Hong Kong condemns attack on justice secretary in London

Hong Kong condemns attack on justice secretary in London

Protesters practice using a homemade slingshot at Hong Kong Polytechnic University in Hong Kong on Thursday. Police warned protesters they were moving
Protesters practice using a homemade slingshot at Hong Kong Polytechnic University in Hong Kong on Thursday. Police warned protesters they were moving "one step closer to terrorism" by sinking the city into chaos, as riot squads skirmished with militant students at major universities. (Photo: AP/Kin Cheung)

HONG KONG: The Hong Kong government condemned on Friday an attack by a "violent mob" on the city's justice secretary in London on Thursday, the first direct altercation between demonstrators and a government minister during months of often violent protests.

Secretary for Justice Teresa Cheng, who was in London to promote Hong Kong as a dispute resolution and deal-making hub, was targeted by a group of protesters who shouted "murderer" and "shameful".

Cheng fell and hurt her arm after being surrounded by a group of about 30 protesters, the South China Morning Post newspaper reported.

A statement by the Hong Kong government said Cheng suffered "serious bodily harm" but gave no details. Video footage of the incident showed Cheng falling to the ground.

Hong Kong's leader Carrie Lam said in a statement she strongly condemned what she described as an attack on Cheng.

The Hong Kong government said in a separate statement: "The secretary denounces all forms of violence and radicalism depriving others' legitimate rights in the pretext of pursuing their political ideals, which would never be in the interest of Hong Kong and any civilised society."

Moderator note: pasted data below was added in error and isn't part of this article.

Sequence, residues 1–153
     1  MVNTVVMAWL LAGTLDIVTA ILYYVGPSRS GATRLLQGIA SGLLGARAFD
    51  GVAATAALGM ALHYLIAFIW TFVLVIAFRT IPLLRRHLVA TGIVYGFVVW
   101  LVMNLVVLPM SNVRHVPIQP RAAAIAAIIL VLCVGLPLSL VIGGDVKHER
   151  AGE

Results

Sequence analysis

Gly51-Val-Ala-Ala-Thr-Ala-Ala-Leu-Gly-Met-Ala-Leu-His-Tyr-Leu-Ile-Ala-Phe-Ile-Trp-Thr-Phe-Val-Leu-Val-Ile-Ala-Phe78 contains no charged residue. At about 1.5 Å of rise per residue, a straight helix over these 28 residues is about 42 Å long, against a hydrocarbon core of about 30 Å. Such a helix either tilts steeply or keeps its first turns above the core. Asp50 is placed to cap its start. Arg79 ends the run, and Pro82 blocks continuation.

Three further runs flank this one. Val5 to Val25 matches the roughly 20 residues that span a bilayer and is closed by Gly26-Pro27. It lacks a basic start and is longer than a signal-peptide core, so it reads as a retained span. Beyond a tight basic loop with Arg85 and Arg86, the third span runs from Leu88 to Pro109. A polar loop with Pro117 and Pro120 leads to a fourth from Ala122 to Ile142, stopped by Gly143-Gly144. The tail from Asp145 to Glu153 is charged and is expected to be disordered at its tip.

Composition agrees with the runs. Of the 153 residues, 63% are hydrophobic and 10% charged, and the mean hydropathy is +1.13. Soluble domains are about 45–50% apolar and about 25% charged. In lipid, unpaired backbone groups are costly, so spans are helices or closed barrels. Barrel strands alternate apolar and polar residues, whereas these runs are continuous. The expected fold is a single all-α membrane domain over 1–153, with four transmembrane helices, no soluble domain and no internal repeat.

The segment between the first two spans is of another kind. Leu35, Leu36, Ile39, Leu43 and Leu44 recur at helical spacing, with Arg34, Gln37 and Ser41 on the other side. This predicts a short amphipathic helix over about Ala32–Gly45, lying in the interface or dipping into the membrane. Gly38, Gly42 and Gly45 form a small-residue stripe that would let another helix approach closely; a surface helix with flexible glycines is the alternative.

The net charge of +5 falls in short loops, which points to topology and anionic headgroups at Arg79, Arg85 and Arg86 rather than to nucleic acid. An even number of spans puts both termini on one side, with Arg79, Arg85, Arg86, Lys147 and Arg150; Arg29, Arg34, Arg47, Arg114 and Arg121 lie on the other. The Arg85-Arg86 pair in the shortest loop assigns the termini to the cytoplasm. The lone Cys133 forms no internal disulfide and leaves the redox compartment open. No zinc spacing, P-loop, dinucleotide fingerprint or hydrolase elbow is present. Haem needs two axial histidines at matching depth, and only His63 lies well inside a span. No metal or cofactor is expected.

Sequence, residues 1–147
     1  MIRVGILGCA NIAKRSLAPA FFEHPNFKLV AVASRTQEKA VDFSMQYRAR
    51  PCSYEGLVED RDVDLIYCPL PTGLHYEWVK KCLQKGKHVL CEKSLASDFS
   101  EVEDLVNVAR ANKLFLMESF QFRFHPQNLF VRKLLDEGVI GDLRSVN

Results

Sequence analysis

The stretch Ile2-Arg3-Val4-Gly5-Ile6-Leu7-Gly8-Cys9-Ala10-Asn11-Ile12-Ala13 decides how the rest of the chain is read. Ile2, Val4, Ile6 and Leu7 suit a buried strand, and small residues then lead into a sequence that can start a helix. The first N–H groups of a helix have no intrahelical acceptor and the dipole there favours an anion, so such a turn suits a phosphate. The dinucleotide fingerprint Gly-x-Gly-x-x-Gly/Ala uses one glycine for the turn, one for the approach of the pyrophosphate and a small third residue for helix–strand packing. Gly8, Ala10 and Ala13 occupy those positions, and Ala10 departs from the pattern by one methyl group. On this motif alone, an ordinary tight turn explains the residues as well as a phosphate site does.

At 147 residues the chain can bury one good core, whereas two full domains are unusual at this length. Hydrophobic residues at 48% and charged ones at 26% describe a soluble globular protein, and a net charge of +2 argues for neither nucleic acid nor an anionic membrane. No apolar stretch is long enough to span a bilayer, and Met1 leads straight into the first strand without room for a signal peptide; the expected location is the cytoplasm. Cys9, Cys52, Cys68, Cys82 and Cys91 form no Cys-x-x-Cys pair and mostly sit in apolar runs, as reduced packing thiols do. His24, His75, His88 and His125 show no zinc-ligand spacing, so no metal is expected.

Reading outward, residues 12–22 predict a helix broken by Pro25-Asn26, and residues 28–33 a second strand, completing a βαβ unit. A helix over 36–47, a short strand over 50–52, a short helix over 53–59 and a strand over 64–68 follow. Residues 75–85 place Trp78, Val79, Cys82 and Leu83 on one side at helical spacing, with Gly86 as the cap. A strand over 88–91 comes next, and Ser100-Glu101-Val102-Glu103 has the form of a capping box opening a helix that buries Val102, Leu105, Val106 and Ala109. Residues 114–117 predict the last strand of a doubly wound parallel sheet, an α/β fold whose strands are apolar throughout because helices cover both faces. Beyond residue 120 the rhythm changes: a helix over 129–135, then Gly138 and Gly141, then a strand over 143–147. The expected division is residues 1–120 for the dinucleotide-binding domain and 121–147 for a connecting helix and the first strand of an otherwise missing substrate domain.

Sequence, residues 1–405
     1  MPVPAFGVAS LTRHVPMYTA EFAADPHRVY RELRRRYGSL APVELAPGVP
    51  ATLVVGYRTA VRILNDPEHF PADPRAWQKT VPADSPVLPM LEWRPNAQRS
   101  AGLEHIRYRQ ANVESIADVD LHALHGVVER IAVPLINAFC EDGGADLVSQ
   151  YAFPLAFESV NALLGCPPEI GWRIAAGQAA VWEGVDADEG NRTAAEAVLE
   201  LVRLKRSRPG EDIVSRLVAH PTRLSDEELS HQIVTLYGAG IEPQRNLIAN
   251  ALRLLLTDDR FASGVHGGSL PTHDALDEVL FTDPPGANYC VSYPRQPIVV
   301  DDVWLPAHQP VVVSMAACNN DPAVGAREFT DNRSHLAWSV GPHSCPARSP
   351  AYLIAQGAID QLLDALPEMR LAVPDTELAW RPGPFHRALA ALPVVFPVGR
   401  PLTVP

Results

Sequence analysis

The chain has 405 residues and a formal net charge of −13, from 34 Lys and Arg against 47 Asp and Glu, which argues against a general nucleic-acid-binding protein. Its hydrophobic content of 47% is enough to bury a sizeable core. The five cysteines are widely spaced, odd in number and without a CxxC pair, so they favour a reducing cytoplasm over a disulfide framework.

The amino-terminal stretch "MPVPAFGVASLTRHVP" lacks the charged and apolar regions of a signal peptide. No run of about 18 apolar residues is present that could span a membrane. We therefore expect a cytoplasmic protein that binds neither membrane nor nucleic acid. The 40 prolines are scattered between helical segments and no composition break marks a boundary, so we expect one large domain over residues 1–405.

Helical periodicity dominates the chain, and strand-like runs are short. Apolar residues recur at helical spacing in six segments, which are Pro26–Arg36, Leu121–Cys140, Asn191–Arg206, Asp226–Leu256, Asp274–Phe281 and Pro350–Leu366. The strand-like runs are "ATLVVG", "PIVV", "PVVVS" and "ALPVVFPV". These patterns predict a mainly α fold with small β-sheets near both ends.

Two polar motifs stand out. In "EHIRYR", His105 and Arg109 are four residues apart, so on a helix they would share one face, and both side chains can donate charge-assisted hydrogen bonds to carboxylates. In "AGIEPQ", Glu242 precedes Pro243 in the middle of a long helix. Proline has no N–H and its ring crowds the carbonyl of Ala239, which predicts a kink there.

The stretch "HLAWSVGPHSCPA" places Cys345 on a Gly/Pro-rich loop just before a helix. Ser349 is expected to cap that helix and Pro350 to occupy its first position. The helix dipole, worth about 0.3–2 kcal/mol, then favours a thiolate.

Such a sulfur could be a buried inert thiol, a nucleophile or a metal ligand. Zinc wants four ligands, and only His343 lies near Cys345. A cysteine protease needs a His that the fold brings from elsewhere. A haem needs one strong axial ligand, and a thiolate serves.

The incident came amid escalating violence in Chinese-ruled Hong Kong, where a student protester died earlier this month after falling from a parking lot during demonstrations.

A 70-year-old street cleaner, who videos on social media showed had been hit in the head by a brick thrown by "masked rioters", died on Thursday, authorities said.

The Food and Environmental Hygiene Department expressed profound sadness on Friday at the death of its cleaning worker and said it was providing assistance to his family.

Anti-government protesters paralysed parts of Hong Kong for a fifth day on Friday, forcing schools to close and blocking some highways as students built barricades in university campuses and authorities struggled to tame the violence.

Protesters used barriers and other debris to block the Cross-Harbour Tunnel that links Hong Kong island to Kowloon district, leading to severe traffic congestion. The government once again urged employers to adopt flexible working arrangements amid the chaos.

Thousands of students remain hunkered down at several universities, surrounded by piles of food, bricks, petrol bombs, catapults and other homemade weapons.

Police said the prestigious Chinese University had "become a manufacturing base for petrol bombs" and the students' actions were "another step closer to terrorism".

Around 4,000 people, aged between 12 and 83, have been arrested since the unrest escalated in June.

The demonstrations have paralysed parts of the city and battered the retail and tourism sectors, with widespread disruptions across the financial centre and no end in sight to the violence and vandalism.


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